The debate is on as to whether the Patient Protection and Affordable Care Act, also known as “Obamacare” is in full swing. This is a difficult question because it partially depends on your interpretation of “healthcare”. People tend to use healthcare and health insurance synonymously. In reality, healthcare is the treatment you receive from a doctor or hospital, health insurance is product you own that helps you pay for health care. We should take some time to explore both of these.
Prior to the Affordable Care Act one in 7 residents in Illinois were uninsured. Now that number is down to about one in four, however 92% of those reside in the Chicago Metro Area. The uninsured rate has gone down since the passage of the Affordable Care Act, There are several factors to consider here. Some are due to the Law and some the economy. Since the majority of Americans get their health insurance through their job, it stands to reason that when the economy picks ups and the unemployment rate shrinks, so will the uninsured rate. In the law there is a provision that children can stay on their parents’ policies until their 26th birthday. That is an age bracket that often went uninsured so that is a benefit for that age bracket. Prior to the law, many States allowed this benefit to full-time students only. Now, those young adults, do not even need to live in the same house as their parents. The Affordable Care Act also expanded Medicaid. It was left up to the states if they wanted to participate in that portion of the program thirty one states expanded Medicaid. Medicaid is a government run program for lower income families. Some will argue that this is not insurance. It is a medical card provided by the state. This benefit can be lost depending on income. None the less, people can see a doctor or a hospital with this benefit.
Having Health insurance, whether it be through the insurance marketplace, an employer or Medicaid, does not necessarily mean you have easy access to health care. Many doctors have stopped taking Medicaid patients since the reimbursements are lower than traditional health insurance. Many insurance plans have narrowed their network of doctors and hospitals to try to reduce premiums. They have been able to negotiate with a small number of medical providers to control their costs. There are also some medical groups that have decided it was not in their best interest to accept certain insurance networks due to the reimbursement levels. So even though more people may have insurance benefits under “Obamacare”, it is highly possible that doctors and hospitals may no longer service the patients who had previously been under their care.
The State of Oregon began expanding Medicaid back in 2008. Oregon conducted a study for people who could qualify for Medicaid who were previously uninsured. The study cited, in The New England Journal of Medicine, after two years of examining patients with high blood pressure, elevated cholesterol and diabetes, found no statistically significant impact of having Medicaid versus not having insurance at all. This is only one state and a fairly small sample, but calls into question whether expanding Medicaid, spending $450 billion on the program, and adding 11 million more people into the system is the right thing to do.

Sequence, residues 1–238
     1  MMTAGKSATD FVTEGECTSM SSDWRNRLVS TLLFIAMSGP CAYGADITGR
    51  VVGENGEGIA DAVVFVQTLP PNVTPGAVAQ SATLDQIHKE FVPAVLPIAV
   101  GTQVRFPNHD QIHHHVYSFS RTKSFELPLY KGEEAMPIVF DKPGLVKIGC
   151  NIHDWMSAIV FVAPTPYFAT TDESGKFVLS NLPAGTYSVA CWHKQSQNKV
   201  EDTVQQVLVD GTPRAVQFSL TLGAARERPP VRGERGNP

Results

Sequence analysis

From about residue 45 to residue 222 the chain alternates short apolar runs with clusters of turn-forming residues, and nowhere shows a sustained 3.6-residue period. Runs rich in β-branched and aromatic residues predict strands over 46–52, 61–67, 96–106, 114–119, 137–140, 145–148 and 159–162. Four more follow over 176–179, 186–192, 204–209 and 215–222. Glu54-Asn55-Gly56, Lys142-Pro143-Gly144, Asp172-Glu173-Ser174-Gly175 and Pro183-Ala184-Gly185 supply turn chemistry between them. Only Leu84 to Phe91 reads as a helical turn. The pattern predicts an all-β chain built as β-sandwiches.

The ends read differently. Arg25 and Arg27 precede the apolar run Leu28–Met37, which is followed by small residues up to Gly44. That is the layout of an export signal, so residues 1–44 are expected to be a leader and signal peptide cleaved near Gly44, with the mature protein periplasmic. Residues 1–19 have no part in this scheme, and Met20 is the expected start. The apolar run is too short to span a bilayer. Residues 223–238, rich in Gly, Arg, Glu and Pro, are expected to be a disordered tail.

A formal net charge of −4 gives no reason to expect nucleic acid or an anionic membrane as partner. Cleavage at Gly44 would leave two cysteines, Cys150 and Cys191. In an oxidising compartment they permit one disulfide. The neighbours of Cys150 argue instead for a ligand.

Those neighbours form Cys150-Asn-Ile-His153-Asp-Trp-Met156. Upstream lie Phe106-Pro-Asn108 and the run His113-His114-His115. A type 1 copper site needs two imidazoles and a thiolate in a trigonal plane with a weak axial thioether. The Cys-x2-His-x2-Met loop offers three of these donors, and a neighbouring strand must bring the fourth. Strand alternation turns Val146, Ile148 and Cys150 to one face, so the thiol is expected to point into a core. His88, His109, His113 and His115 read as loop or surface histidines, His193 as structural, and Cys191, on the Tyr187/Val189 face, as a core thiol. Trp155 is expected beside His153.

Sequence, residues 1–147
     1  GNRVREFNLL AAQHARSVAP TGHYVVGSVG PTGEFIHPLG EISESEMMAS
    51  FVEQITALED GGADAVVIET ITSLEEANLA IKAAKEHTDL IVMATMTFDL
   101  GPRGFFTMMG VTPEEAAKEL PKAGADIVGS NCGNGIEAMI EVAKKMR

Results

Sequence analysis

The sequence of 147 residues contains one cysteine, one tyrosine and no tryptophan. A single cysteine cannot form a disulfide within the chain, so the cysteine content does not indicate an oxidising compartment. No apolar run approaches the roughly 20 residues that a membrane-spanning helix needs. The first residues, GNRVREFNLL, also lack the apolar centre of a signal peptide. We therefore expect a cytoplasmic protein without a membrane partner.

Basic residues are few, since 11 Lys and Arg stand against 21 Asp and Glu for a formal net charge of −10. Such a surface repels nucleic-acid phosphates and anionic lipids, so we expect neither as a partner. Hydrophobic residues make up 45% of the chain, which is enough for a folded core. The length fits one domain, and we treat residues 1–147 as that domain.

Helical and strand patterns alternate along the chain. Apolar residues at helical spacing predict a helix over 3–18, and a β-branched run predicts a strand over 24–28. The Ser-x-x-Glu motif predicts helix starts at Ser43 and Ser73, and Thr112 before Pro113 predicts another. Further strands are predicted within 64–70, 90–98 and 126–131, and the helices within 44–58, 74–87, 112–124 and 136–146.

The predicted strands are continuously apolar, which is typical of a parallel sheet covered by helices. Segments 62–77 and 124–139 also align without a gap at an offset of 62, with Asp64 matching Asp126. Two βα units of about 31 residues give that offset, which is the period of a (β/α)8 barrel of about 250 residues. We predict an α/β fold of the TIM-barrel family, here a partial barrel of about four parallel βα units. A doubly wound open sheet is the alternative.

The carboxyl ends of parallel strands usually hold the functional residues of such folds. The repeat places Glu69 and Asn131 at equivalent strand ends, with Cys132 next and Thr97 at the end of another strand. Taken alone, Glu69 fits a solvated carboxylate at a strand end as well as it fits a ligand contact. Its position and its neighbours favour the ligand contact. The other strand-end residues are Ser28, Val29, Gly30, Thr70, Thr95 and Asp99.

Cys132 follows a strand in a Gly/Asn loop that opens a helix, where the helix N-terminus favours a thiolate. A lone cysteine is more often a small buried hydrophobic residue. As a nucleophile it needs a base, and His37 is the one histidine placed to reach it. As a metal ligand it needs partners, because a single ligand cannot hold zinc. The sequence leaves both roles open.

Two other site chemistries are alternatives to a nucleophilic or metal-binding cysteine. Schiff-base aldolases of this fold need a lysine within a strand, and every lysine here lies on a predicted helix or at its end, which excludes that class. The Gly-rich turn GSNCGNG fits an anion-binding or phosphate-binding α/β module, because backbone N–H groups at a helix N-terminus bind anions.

It is also difficult to quantify healthcare outcomes in only a few years, especially with the current life styles of many Americans. In the United States 34.9% or 78.6 million Americans are considered obese. Obesity related medical conditions include heart disease, stroke, type 2 diabetes and some forms of cancer. The medical cost, according to the Centers for Disease Control, is $1429 a year higher than those of normal weight. Lifestyles and diets obviously play a part in this discussion, but they are often times overlooked.
Harold Pollack, a professor at the University of Chicago says, ” We have never shown in any study that we’ve ever improved health behaviors by giving health insurance to the uninsured.”
The Affordable Care Act has introduced some performance measures for hospitals which focus on penalties for re-admissions of patients for the same illness. This portion of the law seems to be working due to the penalties to the hospitals. The ACA reinforced a trend of providers including doctors and hospitals to merge into regional Healthcare systems. These systems can dominate a market. These are resulting in fewer hospital systems and fewer insurance companies reducing competition. The monopolies that are being created are not a result of the free market, but forces of public policy.
In the United States medical prices vary significantly. In the Washington, DC area MRI’s range from $400 to $1850 and hip replacements anywhere from $11,000 to $125,000. Since healthcare is usually paid for by a health insurance company, the true costs are hid from the consumer. The consumer has no reason to “shop around” for the best price. This will be even more true if there are fewer competing hospitals in an area. If there are no nearby competing hospitals, the hospital has more leverage to dictate the reimbursement fees from the insurance company.
Many experts believe that it is too early to tell if the ability to get a mammogram, colonoscopy or routine check-up will eventually prevent more chronic illness. However, one thing that is known is that many of the newly insured fall into Medicaid. According to the National Center for Policy Analysis, breast cancer patients on Medicaid have worse outcomes than those on privately held health insurance plans.
While at this point we may not know if the Affordable Care Act has improved healthcare, we do know that there is no guarantee that having health insurance will make you healthier.